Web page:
The diminutive Honda Fit is a miracle of automotive packaging. Its second-row Magic Seat can fold down or up, making the small hatchback surprisingly cavernous and offering more cargo space than plenty of subcompact crossovers and SUVs. Unlike those SUVs, all but the top trim level of Fit comes standard with three pedals and a stick. The driver’s Fit would be a manual Fit Sport with the optional factory performance package, but we would spend the extra dollars for a six-speed Fit EX with standard active safety features and Apple CarPlay integration.
Unlike some cars on this list that offer a manual gearbox as a performance option, the six-speed in the Hyundai Accent is purely a value play. It’s only available on the least expensive Accent SE, which limits buyers to steel wheels, only one USB charging port, and a tiny 5.0-inch infotainment screen without Apple CarPlay or Android Auto compatibility. At least it saves $1,000 over the automatic.
While the Accent’s manual option was a frugal one, shifting opportunities lean toward performance with the Elantra sedan. The six-speed is standard on the base Elantra SE, but it’s also an option on the Elantra Sport—the only member of the Elantran sedan family to benefit from Hyundai’s 201-hp turbo-four.
Hyundai Elantra GT
Known as the i30 in Europe and Asia, the North American Elantra GT hatchback is available in two trim levels: a base model and the Elantra GT N Line. Only the N Line boasts a six-speed manual option, but it also benefits from a more powerful engine and unique styling front and rear. If only Hyundai would sell the top-dog i30 N here in the States.
If you’re looking for a sporty Hyundai in the U.S., the funky three-door Veloster hatchback is the way to go. The six-speed manual is available on base, Turbo R-Spec (pictured below), and Turbo Ultimate Veloster models (at least until model-year 2020), but drivers seeking top-level performance and capability should look toward the supremely sporty and manual-only Veloster N.
We found that Jeep’s miniature Cherokee was held back by its gutless 180-hp engine and slow-shifting nine-speed automatic in testing for our 2018 SUV of the Year, but one of those problems can be solved with a stick. Jeep offers a six-speed manual as the sole transmission option for the entry-level Compass Sport.
The Jeep Wrangler is our 2019 SUV of the Year; there’s no hiding the fact that we love this boxy truck. One thing we love about it is that every two-door and four-door Wrangler comes standard with a Pentastar V-6 engine paired with a six-speed manual, which saves $2,000 compared with the automatic. Those seeking the efficiency and torque of Jeep’s mild hybrid four-cylinder powertrain must sacrifice the manual box for an eight-speed auto.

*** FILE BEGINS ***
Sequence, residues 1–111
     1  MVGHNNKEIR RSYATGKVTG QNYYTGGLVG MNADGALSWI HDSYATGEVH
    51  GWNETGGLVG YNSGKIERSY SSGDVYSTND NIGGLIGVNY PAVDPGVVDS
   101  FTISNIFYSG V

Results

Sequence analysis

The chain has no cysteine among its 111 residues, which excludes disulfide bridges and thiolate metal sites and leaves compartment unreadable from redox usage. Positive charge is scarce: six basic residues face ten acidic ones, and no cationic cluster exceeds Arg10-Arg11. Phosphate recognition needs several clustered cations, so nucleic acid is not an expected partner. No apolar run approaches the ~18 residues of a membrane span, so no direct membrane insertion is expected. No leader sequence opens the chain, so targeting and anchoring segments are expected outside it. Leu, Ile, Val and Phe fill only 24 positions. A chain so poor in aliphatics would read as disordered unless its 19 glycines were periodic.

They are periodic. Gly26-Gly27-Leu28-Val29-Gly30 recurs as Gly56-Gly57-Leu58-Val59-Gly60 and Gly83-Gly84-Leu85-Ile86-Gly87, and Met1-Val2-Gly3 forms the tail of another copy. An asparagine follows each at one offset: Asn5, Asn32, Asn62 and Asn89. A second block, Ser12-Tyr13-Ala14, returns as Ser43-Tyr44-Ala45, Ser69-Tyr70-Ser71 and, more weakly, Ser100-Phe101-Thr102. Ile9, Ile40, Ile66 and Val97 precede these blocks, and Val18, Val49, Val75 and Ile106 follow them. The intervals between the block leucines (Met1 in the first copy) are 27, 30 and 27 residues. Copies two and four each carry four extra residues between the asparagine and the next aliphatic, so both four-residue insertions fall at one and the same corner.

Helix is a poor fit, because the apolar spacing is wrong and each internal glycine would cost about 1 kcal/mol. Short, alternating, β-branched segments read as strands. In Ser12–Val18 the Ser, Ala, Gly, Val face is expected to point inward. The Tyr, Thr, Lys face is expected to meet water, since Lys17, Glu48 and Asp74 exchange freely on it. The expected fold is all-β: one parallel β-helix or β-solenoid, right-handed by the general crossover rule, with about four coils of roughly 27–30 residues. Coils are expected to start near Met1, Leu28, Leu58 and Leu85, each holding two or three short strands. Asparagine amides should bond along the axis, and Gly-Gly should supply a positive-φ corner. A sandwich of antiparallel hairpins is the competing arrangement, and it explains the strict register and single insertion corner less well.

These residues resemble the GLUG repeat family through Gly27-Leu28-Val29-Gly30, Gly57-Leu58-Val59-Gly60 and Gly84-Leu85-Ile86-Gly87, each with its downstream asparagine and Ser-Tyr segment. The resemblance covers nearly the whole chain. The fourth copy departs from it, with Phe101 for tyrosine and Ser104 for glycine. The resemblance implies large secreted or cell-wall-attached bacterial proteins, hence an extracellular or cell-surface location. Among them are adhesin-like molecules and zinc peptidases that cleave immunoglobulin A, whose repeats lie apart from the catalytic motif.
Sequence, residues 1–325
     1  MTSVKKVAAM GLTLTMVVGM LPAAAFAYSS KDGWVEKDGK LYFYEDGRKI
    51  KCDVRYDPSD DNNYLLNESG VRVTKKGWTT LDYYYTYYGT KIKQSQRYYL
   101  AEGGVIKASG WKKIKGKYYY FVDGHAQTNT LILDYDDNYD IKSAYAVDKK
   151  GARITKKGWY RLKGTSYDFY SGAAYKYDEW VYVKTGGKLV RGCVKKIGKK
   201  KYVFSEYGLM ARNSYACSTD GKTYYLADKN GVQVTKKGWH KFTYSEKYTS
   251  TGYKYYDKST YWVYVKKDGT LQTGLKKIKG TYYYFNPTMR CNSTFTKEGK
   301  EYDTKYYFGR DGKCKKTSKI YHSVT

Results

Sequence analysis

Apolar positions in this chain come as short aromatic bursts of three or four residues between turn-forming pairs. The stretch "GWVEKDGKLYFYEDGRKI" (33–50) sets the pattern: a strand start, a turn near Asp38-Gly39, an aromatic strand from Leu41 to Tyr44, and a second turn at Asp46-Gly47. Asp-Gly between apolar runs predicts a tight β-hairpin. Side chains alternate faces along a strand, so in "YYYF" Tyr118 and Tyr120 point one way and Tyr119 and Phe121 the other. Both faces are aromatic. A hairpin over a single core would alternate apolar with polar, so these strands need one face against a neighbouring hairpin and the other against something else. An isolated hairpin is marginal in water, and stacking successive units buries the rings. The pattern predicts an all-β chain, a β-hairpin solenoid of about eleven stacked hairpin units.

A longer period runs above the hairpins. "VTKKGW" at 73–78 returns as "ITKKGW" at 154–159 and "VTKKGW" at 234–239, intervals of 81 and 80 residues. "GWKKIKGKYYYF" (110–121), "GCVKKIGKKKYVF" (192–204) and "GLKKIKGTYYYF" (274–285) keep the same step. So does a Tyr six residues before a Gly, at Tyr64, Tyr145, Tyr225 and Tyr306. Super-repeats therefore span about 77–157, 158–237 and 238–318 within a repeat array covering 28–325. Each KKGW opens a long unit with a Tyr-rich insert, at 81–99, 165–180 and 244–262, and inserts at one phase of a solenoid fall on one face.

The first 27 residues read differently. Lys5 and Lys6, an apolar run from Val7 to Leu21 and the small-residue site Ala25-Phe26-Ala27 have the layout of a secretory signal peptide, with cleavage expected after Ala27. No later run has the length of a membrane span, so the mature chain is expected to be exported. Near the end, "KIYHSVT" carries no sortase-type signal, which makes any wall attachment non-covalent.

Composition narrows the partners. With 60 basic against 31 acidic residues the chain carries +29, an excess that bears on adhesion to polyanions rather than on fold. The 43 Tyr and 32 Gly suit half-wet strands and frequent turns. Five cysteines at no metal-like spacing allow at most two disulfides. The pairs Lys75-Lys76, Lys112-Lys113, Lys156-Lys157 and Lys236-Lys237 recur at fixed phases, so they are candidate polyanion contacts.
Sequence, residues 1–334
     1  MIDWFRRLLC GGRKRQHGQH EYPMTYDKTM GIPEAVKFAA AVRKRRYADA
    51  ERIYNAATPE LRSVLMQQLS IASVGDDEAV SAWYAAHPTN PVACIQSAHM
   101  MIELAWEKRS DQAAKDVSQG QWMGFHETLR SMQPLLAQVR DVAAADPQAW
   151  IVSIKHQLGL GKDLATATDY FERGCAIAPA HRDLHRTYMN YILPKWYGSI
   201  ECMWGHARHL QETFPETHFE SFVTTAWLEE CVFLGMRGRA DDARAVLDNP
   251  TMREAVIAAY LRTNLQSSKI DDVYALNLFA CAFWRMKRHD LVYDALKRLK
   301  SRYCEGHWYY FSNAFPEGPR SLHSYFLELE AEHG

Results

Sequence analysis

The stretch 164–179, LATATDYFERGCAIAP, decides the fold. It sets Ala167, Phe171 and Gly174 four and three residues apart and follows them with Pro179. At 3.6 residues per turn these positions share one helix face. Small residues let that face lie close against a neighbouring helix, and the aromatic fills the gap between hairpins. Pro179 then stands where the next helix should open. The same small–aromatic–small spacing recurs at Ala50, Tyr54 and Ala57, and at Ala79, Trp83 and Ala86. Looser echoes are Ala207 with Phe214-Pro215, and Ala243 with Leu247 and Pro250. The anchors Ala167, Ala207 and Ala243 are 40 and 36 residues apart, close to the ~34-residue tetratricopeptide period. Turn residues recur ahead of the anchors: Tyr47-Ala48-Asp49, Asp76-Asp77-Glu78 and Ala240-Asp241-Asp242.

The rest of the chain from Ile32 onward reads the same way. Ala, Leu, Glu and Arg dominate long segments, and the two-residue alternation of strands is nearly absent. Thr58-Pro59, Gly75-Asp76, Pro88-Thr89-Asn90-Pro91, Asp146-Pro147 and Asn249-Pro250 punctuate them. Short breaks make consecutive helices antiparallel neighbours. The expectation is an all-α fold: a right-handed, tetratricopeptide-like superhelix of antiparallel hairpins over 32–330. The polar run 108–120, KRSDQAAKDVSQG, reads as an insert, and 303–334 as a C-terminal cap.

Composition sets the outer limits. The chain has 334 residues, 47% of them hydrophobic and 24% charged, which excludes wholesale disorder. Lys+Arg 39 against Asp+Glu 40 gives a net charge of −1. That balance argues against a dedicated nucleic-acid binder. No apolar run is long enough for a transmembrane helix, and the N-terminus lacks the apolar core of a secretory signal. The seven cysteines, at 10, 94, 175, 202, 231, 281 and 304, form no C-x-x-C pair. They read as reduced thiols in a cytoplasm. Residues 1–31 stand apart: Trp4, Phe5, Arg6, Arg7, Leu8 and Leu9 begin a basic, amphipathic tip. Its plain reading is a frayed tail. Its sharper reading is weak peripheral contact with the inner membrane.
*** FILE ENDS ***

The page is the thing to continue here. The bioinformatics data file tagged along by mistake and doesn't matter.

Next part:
Only the base model Kia Forte FE allows drivers to row their own gears, but worry not. Even the entry-level Forte boasts an 8.0-inch touchscreen with Apple CarPlay and Android Auto, and FE buyers still get a taste of active safety tech with forward collision avoidance.
Like the Forte, the six-speed manual is only an option on the least expensive, least feature-laden Soul LX. The stick would have been a sporty addition to the Soul GT-Line Turbo with its more powerful engine, but that car is only available with Kia’s seven-speed dual-clutch.
Mazda MX-5 Miata / Miata RF
Mazda’s lightweight roadster is a gem in today’s SUV-dominated market that seemingly grows taller and heavier every year. The Miata’s is a driving experience unmatched by anything else on sale, and it’d be a shame to buy one without its perfectly notchy, sweet-shifting six-speed manual. It’s available on all trim levels of the Miata and Miata RF, and not only does choosing the manual save some cash up front, it also nets bonus performance features. A manual Miata Club benefits from Bilstein suspension, a limited-slip differential, and a shock tower brace, none of which come equipped if you opt for the auto.